Two years ago, Swedish national Kerstin Bohman was working deep in the jungles of Indonesia as part of a university research team. Living was basic. She stayed with local villagers and spent her time studying causes of deforestation and how it affected the environment and the livelihoods of farming communities.
Today she is sitting in a room surrounded by a group of women from Thirukkovil in Sri Lanka’s eastern district of Ampara. The room is quiet as local Red Cross staff carefully explain details of a new livelihoods project under way in the community.
Kerstin is the driving force behind the International Federation of Red Cross and Red Crescent Societies’ post-tsunami livelihoods programme in Ampara District. “I volunteered with the Swedish Red Cross in 2006 to possibly go back to Indonesia and help on their tsunami operation. Instead, I was sent to Sri Lanka,” she recalls.
“In a way the work is similar. It involves working with people in rural and developing areas - understanding their constraints and options for their daily life – how they use available natural and other resources. Livelihoods should be suitable to the environment and the community. Only then can they be sustainable.” she adds.
The assembled women start to explain their current situations through a translator and talk about their hopes for the future. Some work in the fields helping with the paddy harvest, others rear poultry, others work as seamstresses. “I wake up at four every morning to travel on foot and then by bus to Akkaraipattu, several kilometres away, where I cut grass for cattle or help in the harvest of paddy,” explains S. Rajeswari. “I hope to learn how to manage a small business and set up a small shop close to home. Then I can also look after my two daughters,” she says.
Another member of the group, K Rasanayaki, talks about how her skills as a seamstress support her four children. “I hope that what I learn from the Red Cross project will help me and other women in the village get together and set up a small business where we can buy cloth, sew clothes and sell them,” she says.
Kerstin listens intently, interjecting with the occasional question, before explaining how the success of the proposed livelihoods project will depend upon community participation. The programme planned for this particular village in Thirukkovil aims to train community members, mostly women, in how to establish home based businesses, market products and improve production skills.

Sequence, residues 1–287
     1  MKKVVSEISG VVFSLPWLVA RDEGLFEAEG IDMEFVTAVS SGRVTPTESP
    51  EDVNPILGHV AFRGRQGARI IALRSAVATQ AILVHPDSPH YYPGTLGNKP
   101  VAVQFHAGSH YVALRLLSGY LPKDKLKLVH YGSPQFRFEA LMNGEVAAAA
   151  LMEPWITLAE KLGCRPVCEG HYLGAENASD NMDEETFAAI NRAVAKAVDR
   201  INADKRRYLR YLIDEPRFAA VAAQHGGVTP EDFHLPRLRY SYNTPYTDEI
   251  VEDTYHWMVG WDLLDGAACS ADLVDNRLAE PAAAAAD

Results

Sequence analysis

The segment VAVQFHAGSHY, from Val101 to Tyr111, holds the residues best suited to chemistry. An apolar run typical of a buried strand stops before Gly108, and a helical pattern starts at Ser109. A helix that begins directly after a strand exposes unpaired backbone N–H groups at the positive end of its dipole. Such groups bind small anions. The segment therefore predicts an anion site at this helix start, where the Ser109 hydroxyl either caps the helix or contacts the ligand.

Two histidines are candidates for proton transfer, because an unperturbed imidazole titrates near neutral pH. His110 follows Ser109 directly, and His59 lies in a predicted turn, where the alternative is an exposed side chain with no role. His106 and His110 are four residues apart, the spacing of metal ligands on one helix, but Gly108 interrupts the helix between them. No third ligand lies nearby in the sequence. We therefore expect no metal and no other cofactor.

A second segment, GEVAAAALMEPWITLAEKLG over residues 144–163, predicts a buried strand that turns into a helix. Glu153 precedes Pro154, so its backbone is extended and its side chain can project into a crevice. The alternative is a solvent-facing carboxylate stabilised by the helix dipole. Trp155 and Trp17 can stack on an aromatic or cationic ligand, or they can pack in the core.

The Red Cross will partner with the British NGO Practical Action to help villagers identify needs and potential markets. A Community Based Business Resource Centre will also be established, enabling community members to support each other as they set up and build new commercial endeavours.
“The aim is to empower families and communities to regain lost livelihoods or improve and diversify on what they already do,” explains Kerstin.
An hour’s drive away and Kerstin sits down again with Red Cross colleagues and members of a fishery cooperative to discuss a project being implemented in the village of Ninthavur. Here, the Red Cross is providing funding to the 40-member cooperative and will assist them to set up a small shop where both members and other fishermen from the area can purchase fuel, nets and other items at low cost. The scheme will mean that they will no longer have to pay exorbitant travel costs or pay inflated prices with local traders in order to get the materials they need to earn a living.
As a collective the fishermen will purchase supplies in bulk at cheaper prices than would be the case if bought individually. The items can then be sold with a small mark-up, which will go towards the running and upkeep of the shop, as well as to small loans to cooperative members to purchase fuel, nets and fishing tackle.
When the tsunami struck, the fishermen lost thousands of dollars worth of fishing boats, nets, engines and equipment. Some of this has been replaced under a government funding programme but these short term loans will help members purchase other equipment or provisions needed to conduct day to day fishing activities.
According to Kirsten Bohman, listening to the communities needs is vital before the finer details of the livelihoods projects are worked out. “The discussions we are having with the villagers in Thirukkovil and fishermen in Ninthavur ensure that the people who will ultimately benefit from such programmes are being involved in their planning and implementation right from the start.”